As you've noted above, many organisations across Europe are working to make the 2015 I&T Year a success. As part of this, I have been working with colleagues from Historic England and Princes Regeneration Trust to organise an industrial heritage-themed conference later in the year. The focus will be on showcasing and celebrating the great work in the regeneration of industrial heritage in the UK and debating some key issues.
We'll be talking about projects like Ancoats Dispensary in Manchester, which has been awarded £4.5million of HLF funding to transform the derelict dispensary building into a new hub for Manchester’s creative industries. And about Harvey’s Foundry in Cornwall - awarded £3.7million to complete a 10-year regeneration of the wider site, and transform two Grade II listed buildings into 18 high quality office units with the capacity to create over 80 new jobs for the town.
Both of these projects were funded through 'Heritage Enterprise', a new HLF funding programme which helps local communities to repair derelict, historic places, giving them productive new uses and helping to regenerate towns and cities across the UK. You can see more about Heritage Enterprise here - http://www.hlf.org.uk/looking-funding/our-grant-programmes/heritage-enterprise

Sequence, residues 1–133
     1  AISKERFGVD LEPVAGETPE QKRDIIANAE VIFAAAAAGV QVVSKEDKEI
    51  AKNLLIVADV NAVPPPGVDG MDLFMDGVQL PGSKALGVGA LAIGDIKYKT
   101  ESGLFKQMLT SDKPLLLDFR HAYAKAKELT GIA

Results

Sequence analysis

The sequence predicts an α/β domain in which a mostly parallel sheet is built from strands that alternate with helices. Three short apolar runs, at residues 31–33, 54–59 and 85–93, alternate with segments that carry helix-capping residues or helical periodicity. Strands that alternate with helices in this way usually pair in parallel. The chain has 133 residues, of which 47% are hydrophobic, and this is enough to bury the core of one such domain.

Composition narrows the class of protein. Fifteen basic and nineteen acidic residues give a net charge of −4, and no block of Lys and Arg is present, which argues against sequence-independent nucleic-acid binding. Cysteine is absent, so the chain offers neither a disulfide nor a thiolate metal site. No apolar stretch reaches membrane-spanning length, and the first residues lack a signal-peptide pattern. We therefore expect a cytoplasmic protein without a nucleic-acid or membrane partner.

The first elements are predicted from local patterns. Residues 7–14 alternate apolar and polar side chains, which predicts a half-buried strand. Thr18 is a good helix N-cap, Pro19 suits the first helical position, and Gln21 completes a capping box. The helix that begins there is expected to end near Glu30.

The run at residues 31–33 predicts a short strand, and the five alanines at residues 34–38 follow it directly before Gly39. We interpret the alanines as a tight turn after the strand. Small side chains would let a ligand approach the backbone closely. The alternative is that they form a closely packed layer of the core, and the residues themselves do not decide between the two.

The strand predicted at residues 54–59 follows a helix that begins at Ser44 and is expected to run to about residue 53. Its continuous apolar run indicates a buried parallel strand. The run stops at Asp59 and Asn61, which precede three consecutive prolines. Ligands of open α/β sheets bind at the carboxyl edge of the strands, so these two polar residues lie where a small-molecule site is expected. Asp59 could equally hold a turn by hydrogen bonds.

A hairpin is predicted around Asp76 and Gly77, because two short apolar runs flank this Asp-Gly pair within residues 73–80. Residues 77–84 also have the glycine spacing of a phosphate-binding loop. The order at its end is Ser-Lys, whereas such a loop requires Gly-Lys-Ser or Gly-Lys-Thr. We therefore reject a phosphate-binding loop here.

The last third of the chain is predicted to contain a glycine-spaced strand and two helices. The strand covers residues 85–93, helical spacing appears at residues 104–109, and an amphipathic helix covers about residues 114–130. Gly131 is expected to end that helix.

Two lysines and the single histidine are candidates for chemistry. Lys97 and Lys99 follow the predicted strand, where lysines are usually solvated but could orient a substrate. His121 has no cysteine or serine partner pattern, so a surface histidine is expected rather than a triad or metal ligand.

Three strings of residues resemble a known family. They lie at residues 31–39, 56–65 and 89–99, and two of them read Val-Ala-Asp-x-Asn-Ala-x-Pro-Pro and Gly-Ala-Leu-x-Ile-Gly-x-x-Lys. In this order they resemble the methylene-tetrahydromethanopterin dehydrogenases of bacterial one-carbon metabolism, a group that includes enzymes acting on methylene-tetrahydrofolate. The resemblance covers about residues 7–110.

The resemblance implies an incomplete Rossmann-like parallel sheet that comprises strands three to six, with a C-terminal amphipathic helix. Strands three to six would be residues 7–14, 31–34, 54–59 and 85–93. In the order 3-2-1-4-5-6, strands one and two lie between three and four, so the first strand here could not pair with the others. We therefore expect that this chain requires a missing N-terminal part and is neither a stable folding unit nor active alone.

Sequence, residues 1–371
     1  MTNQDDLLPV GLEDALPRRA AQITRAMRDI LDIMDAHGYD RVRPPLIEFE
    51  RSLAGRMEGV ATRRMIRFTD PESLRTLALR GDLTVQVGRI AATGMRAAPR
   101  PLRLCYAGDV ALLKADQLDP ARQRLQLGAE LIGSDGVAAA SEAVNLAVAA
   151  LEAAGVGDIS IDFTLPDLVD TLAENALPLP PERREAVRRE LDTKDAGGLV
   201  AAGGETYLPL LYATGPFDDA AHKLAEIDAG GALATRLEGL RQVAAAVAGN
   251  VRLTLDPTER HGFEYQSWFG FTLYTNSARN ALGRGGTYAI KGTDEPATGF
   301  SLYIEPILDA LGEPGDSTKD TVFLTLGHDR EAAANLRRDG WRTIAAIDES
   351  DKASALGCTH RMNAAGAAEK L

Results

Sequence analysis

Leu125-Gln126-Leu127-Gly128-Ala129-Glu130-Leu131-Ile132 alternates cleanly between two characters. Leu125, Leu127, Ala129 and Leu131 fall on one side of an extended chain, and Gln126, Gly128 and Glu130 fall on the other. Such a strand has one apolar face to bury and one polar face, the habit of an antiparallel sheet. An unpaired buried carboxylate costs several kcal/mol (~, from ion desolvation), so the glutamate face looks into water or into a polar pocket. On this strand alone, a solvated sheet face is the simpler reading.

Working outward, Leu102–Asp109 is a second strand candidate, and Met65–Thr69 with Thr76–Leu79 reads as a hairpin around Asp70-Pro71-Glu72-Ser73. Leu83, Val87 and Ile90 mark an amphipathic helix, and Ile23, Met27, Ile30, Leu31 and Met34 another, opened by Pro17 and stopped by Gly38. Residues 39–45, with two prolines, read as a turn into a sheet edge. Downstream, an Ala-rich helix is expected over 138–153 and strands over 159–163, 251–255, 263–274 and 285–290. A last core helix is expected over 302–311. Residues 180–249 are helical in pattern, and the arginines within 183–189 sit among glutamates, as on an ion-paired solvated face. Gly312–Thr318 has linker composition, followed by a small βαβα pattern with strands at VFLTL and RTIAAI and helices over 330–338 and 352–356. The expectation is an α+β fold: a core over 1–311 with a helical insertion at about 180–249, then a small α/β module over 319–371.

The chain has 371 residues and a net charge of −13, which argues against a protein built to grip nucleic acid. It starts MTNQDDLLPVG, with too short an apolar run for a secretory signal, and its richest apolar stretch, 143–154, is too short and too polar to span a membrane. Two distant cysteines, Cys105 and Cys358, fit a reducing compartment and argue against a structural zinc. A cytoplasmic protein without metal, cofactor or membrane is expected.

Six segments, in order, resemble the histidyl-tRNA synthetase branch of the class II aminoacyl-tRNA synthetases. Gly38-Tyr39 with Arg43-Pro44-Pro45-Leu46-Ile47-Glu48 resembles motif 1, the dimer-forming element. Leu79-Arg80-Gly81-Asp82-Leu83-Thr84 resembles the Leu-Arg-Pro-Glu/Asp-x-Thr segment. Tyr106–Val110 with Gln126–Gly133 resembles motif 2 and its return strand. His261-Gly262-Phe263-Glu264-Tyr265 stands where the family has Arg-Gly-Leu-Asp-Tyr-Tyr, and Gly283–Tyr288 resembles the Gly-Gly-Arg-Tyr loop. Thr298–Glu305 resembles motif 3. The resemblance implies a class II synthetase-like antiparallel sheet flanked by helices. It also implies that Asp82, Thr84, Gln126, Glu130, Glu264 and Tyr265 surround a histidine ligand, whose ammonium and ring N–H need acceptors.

I'd be interested to hear from anyone who can shine some light on some other great examples of industrial heritage being used in regeneration and economic development, especially if it involves new creative industries-type uses?
We're also keen to examine the role that local people, developers, investors and government (local and national) play in heritage-led regeneration, and learn about international best practice. And the conference will provide opportunties to promote and champion the role of communities in regeneration, hopefully boosting these grass roots movements and building their capacity to deliver more great projects in the future.
As we are planning to invite a number of people to talk about this sort of work from a wide range of perspectives, I'd also be keen to hear any suggestions that people might have in terms of developers, investors, local authorities and community groups/charitable organisations who we should be talking to?